Boston's Team Play Outshining New York's Stars

Anthony, Stoudemire Are Dominant, But Celtics Own 2-0 Advantage

BOSTON – Carmelo Anthony stood just outside the 3-point line on the right wing of Boston’s end of the court Tuesday night and listened to the final horn sound on a 96-93 Game 2 loss to the Celtics. As the sound buzzed throughout the TD Garden, Anthony’s head hung to the side, his eyes stared blankly into the postgame mayhem, his hands sat on his hips and his body stood motionless.

What more could he do?

The answer to that question is simple: nothing.

Though the Celtics are leading this first-round series between the Celtics and Knicks two games to none, credit must be given to New York’s stars. In their first season with the organization, they have carried the Knicks on a highly competitive level with the defending Eastern Conference champions. Despite having a lack of serious talent around them, Stoudemire and Anthony have made this a dogfight of a series and have 100 percent carried their team.

Stoudemire caught fire down the stretch in Game 1 to the point where the Celtics did everything they could to keep the ball out of his hands. He scored 12 points in the fourth quarter of that contest while no other teammate scored more than three. Stoudemire hit six of his seven shot attempts in that final frame.

Everyone was expecting a similar performance from the All-Star power forward in Game 2, but that turned into a pipedream once he suffered a strain in his back during pregame warmups. Stoudemire did not play in the second half of Game 2 and finished with only four points in less than 18 minutes of play.

Stoudemire’s absence, coupled with Chauncey Billups’ inability to suit up for Game 2, left the entire weight of the Knicks on Anthony’s shoulders. But it sure didn’t look like he was carrying much more than his 230-pound frame.

Anthony went off on the Celtics despite the fact that everyone in the building knew he was the one and only focal point of New York’s offense. He was utterly unstoppable and the repertoire of moves he used to get of his quick-release shots was at times breathtaking.

“Mike (D’Antoni) came up to me in a timeout and was like, ‘Amar’e is done, we need you to carry us tonight,’ ” Anthony recalled after the game. “My thing was to just go out there, not try to carry the team by scoring the basketball, but just doing everything.”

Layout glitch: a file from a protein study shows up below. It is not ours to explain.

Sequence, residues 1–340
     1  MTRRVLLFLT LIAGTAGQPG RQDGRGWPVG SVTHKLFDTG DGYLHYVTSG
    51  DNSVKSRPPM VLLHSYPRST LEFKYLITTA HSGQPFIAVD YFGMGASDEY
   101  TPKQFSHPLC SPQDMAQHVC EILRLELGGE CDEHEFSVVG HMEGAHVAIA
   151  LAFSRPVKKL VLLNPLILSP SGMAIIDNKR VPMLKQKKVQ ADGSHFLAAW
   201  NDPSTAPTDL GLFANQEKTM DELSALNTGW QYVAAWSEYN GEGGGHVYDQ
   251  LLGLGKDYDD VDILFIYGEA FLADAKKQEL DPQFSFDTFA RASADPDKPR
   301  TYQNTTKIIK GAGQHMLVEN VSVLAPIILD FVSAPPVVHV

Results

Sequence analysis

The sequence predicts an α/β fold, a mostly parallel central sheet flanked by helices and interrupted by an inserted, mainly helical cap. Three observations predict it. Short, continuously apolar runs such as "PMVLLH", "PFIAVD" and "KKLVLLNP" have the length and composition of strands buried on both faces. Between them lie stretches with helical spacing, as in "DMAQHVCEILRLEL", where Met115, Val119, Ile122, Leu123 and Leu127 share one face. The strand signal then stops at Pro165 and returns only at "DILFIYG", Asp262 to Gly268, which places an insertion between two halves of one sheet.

Well, it certainly looked like he tried to carry the team by scoring the basketball. He took a game-high 30 shots, nearly two-times as many as any other teammate, and notched his season-high as a Knick with 42 points.

When asked to comment on Anthony’s performance, Doc Rivers wondered why the question was even posed to him.

“Carmelo Anthony? Do I have to?” Rivers asked rhetorically. “He was pretty – he was pretty good.”

The light was shining bright on New York’s star for nearly the entire game, but yet again, it was the Celtics who came out on top. Thanks to key plays at both ends of the court in the final minutes, Boston overcame a deficit in the final 20 seconds for the second consecutive game.

Two nights after Ray Allen canned the game-winning 3-pointer in Game 1, Kevin Garnett bulldozed Jared Jeffries into the paint and hit the softest of jump-hooks to give Boston the winning points in Game 2.

No one knew where the Celtics would go for that final shot on either night, and that included Boston’s team. Rivers drew up plays during his final timeouts of those games that had several options to go to for a critical field goal, and that’s the beauty of what this Celtics team brings to the table.

“They’ve been together for a while and they understand what they have,” D’Antoni said shortly after his team’s second consecutive demoralizing loss. “They’ve just got so many weapons and it’s tough. You’ve got to watch back picks with Ray Allen, one-on-one with (Paul) Pierce, and (Kevin) Garnett, whatever he does. They put (Rajon) Rondo in a good place, and it’s tough.”

Let’s not sell them short. At this point in the series, the Celtics’ team ball has been better than tough in crunch time. It has been unstoppable.

Anthony and Stoudemire have been unstoppable in their own right, but it just hasn’t been enough to give New York a win.